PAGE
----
Media and the Environment Syllabus Guide
This course introduces students to the many relationships between media and the environment, including not only the representation of nature in traditional media such as film and television but also the material entanglements of media technologies with surrounding built and natural environments.
The syllabus is designed to encourage comparative thinking across four axes: history, media technology, modes of environmentalism, and disciplinary approach. After beginning with debates about climate change that have dominated environmentalism over the last decade, the course moves back through history to the origins of landscape photography in nineteenth century. It then proceeds chronologically to track the development of environmental media, introducing students to the early cinematic representations of nature, the expansion of the environmental movement with Rachel Carson’s Silent Spring, the emergence of apocalyptic predictions about overpopulation in the 1970s, and the toxic discourse and environmental justice actions of the 1980s. In each of these cases, I locate historical and contemporary material in conversation. During week 3 I pair readings on traditional landscape photography with Edward Burtynsky’s recent Manufactured Landscapes. During week 12 I connect colonial-era biopiracy with more recent circulations of biomatter. In teaching this class, I have found that such transhistorical connections help students relate the history of environmental media to their analysis of contemporary forms.
As the course moves from past to present, it intersects a broad spectrum [End Page 171] of environmental issues and movements. Each week we focus on a different ecological problem, which helps students to see how the framing of environmental concerns shifts both over time and across geographic contexts. Topics include industrialization, species extinction, the production of pesticides and petrochemicals, oil drilling and fracking, overpopulation, toxicity, consumerism and waste, overfishing, biopiracy and food systems, deforestation, and interspecies relationships.
In addition, the course covers a range of media forms. I have assigned texts that help generate discussion about the specificity of different modes of communication, including print (Murphy, Buell, Nixon), photography (Lewis, Sontag, Bright), cinema (Ivakhiv, MacDonald, Hughes), television (Bousé, Parks), digital media (Wolfe, Gabrys, Chang, Houser), and the arts (Jevbratt). Students are also asked to experiment with media production using these technologies. In previous courses, they have developed a wide range of projects: tactical media interventions, advocacy campaigns, radio shows, music videos, documentaries, animated films, web series, digital maps, installation art, and plans for environmental exhibits and museums.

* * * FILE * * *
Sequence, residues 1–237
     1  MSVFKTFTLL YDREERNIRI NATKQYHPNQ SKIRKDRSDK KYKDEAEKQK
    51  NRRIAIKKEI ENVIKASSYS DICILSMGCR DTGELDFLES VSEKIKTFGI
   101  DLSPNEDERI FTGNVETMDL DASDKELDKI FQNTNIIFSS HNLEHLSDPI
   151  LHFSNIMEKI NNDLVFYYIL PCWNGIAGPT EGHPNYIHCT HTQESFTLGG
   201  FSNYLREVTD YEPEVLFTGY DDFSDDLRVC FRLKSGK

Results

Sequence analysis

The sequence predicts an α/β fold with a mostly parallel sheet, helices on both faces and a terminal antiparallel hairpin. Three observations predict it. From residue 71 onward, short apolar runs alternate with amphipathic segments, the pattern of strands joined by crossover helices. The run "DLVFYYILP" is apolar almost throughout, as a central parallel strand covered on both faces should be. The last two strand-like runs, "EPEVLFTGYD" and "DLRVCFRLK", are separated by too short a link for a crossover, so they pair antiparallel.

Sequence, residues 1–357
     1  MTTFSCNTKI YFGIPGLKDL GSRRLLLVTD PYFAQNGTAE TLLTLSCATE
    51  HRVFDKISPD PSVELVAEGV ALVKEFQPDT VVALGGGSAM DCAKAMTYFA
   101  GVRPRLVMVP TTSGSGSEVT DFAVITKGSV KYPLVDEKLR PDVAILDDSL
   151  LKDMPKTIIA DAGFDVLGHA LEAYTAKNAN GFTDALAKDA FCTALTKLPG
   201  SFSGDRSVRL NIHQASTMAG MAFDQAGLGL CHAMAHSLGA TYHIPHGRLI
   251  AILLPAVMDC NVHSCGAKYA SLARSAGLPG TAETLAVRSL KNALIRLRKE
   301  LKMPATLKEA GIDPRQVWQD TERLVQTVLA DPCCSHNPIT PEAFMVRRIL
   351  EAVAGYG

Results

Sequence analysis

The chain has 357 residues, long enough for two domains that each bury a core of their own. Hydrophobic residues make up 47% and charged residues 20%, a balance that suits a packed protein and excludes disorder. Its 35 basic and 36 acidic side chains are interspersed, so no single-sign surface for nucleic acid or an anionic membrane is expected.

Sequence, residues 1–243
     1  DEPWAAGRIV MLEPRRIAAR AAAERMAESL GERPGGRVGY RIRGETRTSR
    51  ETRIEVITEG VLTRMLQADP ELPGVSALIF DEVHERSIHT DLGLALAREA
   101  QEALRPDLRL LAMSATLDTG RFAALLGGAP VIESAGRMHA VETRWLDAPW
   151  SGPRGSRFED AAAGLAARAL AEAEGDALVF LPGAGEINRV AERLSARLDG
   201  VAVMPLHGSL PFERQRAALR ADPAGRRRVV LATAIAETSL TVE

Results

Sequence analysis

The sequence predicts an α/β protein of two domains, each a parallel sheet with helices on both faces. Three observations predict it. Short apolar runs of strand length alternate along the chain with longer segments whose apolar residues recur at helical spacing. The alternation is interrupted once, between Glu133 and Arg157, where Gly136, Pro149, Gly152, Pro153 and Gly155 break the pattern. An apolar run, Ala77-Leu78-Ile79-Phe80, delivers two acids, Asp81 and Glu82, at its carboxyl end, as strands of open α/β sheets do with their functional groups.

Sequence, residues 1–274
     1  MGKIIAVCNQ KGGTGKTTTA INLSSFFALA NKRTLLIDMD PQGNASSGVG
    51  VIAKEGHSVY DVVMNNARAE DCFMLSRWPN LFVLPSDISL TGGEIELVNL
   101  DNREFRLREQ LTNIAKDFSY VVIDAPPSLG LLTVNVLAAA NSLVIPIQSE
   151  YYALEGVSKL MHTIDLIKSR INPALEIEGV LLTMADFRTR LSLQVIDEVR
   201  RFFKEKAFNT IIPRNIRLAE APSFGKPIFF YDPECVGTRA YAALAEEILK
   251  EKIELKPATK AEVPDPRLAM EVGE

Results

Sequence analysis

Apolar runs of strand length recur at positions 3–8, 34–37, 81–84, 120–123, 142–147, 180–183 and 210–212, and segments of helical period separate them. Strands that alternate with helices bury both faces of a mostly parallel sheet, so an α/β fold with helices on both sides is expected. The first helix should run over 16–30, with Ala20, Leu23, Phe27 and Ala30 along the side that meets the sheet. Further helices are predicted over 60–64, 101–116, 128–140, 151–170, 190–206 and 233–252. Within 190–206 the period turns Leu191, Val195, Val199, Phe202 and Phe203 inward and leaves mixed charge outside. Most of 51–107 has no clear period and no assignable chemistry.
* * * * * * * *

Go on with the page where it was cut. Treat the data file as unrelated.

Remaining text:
Lastly, the syllabus includes texts oriented to the fields of ecocriticism (Buell, Chang, Yaeger, Nixon), ecocinema studies (Ivakhiv, Bousé, MacDonald), environmental communication (Cammaer, Lakoff, Wolfe), and art history (Bright). Understanding these disciplinary perspectives assists students in their critical assessment of arguments about environmental media and communication. We pay particular attention to scholars’ research methodologies, the assumptions they make about knowledge production, and the texts and contexts they consider.
Embedded in this syllabus is a thesis that argues, despite the longstanding mediation of the environment, that new forms of media are required to catalyze environmental change. I have found that the emphasis on comparative thinking has helped students to understand the critical and contextual approaches needed to innovate in environmental media production: to conceptualize it as taking place within a specific historical moment, to position it in relation to particular audiences and publics, and to account for the specificities of existing environments and technologies. By foregrounding this perspective throughout the course and pairing it with project-based work, the course attempts to reorient students as ethical media producers, rather than simply consumers of media. [End Page 172]
Media and the Environment